The commander of Ukraine’s ground forces Oleksandr Syrskyi tells troops in the east that they have inflicted such losses on Russia’s 17th battalion tactical group, it had to be sent back to Russian for recovery and replenishment.
Ukrainian defence minister Oleksyi Reznikov says four HIMARS systems have arrived, bringing the Ukrainian total to 16. The US had announced it was sending the systems on July 20. Reznikov also says units of the MARS II GMLRS system have arrived from Germany. This is a European variant of the M270 rocket artillery system, which is equal to two HIMARS systems.
Russian forces shell Mykolaiv city overnight, striking dozens of homes, offices and public buildings, and causing an unspecified number of deaths and injuries, say Ukraine’s police. Russian forces also shell civilian areas of Dnipropetrovsk overnight, damaging eight houses and injuring two people.
In a counterattack, Ukrainian marines capture nine Russian soldiers, a lawyer and an officer on the southern front.
Ukrainian infrastructure minister Oleksandr Kubrakov says the first ship with Ukrainian grain following a July 22 agreement to lift a Russian blockade is to leave port. The Sierra Leone-flagged Razoni is to carry 26,000 tonnes of Ukrainian corn from Odesa to Tripoli in Lebanon.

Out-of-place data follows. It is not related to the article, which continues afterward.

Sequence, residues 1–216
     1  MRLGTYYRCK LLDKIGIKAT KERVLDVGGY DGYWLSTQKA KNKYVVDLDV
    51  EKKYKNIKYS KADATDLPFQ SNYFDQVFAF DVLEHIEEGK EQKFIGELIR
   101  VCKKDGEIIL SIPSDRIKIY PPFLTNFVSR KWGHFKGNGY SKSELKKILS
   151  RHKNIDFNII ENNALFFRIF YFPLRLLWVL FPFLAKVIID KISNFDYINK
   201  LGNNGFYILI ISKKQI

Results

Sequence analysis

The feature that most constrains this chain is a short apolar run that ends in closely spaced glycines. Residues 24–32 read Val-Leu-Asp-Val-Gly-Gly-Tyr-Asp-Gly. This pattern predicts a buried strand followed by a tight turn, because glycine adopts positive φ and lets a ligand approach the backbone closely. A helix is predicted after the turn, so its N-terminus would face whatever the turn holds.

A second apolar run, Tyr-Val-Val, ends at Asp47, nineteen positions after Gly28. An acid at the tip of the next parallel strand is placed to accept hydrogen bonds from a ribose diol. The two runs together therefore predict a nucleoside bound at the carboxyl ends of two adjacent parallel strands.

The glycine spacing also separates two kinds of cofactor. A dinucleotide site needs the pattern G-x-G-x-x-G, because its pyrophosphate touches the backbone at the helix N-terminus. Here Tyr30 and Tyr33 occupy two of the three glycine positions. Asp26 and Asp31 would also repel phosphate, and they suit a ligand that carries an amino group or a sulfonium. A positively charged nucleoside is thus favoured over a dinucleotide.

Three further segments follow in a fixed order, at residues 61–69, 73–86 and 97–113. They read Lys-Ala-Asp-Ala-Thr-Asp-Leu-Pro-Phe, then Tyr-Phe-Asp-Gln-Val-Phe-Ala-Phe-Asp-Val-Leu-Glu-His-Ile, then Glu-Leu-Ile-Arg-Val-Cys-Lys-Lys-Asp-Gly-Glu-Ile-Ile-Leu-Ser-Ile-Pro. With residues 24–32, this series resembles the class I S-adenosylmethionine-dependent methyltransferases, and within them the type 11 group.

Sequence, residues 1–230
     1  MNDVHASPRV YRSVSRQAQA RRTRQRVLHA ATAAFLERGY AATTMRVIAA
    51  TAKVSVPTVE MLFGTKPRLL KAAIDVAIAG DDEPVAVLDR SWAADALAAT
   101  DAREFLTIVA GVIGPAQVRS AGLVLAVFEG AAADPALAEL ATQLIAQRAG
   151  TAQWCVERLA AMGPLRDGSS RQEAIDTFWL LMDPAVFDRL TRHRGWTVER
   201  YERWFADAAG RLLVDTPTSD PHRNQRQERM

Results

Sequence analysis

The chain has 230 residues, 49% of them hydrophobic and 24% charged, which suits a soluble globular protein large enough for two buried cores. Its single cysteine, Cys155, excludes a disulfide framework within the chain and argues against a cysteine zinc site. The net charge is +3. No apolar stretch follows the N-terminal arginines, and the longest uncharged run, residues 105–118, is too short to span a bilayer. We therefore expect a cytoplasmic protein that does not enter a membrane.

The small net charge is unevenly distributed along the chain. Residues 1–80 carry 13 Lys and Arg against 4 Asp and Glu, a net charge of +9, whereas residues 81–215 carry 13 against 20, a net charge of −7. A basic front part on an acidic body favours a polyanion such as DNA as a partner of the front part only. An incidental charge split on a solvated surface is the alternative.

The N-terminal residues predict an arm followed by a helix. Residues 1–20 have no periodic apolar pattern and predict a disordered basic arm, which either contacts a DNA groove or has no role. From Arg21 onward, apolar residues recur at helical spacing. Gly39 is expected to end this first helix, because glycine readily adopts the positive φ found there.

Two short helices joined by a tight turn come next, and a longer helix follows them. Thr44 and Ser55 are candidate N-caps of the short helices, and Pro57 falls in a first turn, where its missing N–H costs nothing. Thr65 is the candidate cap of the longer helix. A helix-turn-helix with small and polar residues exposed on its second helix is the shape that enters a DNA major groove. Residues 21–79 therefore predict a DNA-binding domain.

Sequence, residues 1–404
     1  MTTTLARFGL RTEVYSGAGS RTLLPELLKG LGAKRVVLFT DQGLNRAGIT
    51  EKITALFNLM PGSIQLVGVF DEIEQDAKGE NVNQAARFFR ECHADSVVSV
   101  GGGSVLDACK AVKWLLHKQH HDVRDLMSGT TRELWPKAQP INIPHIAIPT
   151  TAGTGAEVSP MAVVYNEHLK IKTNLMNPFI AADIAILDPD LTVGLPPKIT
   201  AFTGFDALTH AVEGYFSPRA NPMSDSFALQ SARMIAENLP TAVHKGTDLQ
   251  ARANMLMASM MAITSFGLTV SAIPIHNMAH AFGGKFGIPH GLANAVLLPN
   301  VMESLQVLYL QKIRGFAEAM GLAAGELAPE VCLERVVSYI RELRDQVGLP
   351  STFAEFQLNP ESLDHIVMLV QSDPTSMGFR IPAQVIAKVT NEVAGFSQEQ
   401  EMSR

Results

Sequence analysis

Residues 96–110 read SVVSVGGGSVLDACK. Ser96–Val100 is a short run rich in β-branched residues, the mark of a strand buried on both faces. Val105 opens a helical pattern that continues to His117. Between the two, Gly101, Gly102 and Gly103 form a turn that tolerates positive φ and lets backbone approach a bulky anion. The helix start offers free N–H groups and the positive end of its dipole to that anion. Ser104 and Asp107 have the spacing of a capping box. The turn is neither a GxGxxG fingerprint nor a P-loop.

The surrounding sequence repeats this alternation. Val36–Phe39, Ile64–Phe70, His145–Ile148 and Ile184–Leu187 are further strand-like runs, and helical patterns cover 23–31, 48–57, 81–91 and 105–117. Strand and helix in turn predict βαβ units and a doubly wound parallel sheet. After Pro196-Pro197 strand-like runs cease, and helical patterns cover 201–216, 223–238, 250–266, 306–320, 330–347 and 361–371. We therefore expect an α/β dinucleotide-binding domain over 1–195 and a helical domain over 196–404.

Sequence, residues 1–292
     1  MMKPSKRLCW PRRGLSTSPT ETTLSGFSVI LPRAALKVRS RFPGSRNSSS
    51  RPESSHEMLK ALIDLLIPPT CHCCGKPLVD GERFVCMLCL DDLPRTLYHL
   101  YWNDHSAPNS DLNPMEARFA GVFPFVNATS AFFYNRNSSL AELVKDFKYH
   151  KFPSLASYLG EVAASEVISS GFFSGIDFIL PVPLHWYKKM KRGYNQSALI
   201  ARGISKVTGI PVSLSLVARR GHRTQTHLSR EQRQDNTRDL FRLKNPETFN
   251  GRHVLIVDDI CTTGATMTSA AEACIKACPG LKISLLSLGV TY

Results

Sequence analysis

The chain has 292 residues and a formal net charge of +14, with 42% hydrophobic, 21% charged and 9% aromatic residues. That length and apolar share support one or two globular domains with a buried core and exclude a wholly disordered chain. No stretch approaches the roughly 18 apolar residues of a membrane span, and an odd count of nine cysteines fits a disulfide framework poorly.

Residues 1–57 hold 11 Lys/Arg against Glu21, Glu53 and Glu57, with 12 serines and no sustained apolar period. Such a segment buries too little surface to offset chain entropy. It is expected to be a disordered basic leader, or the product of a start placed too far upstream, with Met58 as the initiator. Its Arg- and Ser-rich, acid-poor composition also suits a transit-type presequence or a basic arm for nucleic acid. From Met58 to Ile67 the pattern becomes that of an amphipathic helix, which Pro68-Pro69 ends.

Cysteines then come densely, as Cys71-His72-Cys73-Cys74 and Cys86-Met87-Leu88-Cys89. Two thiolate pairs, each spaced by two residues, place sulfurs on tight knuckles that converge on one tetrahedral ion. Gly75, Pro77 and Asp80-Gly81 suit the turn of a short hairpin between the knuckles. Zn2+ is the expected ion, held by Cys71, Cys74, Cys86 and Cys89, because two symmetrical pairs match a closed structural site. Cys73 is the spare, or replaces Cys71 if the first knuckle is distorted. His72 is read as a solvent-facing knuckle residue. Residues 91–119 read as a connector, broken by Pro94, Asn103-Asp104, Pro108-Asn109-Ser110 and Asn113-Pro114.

Ukrainian military intelligence says Russia concealed losses from a Ukrainian strike against the hotel Krasnii Luch, in the town of Khrystalnyi in occupied Luhansk oblast, where Russian soldiers were billeted.
Ukrainian deputy prime minister Iryna Vereshchuk says the government has begun mandatory evacuations of civilians in the eastern Donetsk region.
The head of Mykolaiv’s state administration Vitaly Kim says Russian forces shell Mykolaiv city twice overnight with Smerch and S-300 anti-air rockets. A security guard is injured.
Ukraine’s deputy head of military intelligence Vadym Skibitskyi says Russia has sent a battalion tactical group of paratroopers to Crimea, intending to deploy them in Kherson and Zaporizhia. Ukrainian partisan groups in Crimea are becoming increasingly active, he says, expecting a return to Ukrainian control.
Russian forces shell Dnipropetrovsk region in central Ukraine overnight, causing injuries and damage to houses, cars and a power line.
In an interview with Livy Bereg, the head of the Ukrainian Defence Procurement Agency, Denys Sharapov, says the Agency is working to create transparent payment and procurement mechanisms in order to speed up the supply of weapons to Ukraine. The agency was set up in early July for this purpose, suggesting that transparency issues may have dogged Ukraine’s ability to make use of generous financial military assistance from the US and EU. “I am creating an agency that will work according to NATO standards and make any ‘tricky’ schemes impossible,” Sharapov says.
The US announces a new $550mn package of military aid including 75,000 155mm shells and HIMARS rockets.
Russian defence minister Sergey Shoigu says Russian forces have destroyed six US-supplied HIMARS launch systems during the war. Ukraine’s southern commander Andriy Kovalchuk denies the claim. Ukraine and the US have denied similar claims in the past.
The Razoni anchors off Turkey’s coast 36 hours after leaving Odesa.
Thanks for reading Hellenica! Subscribe for free to receive new posts and support my work.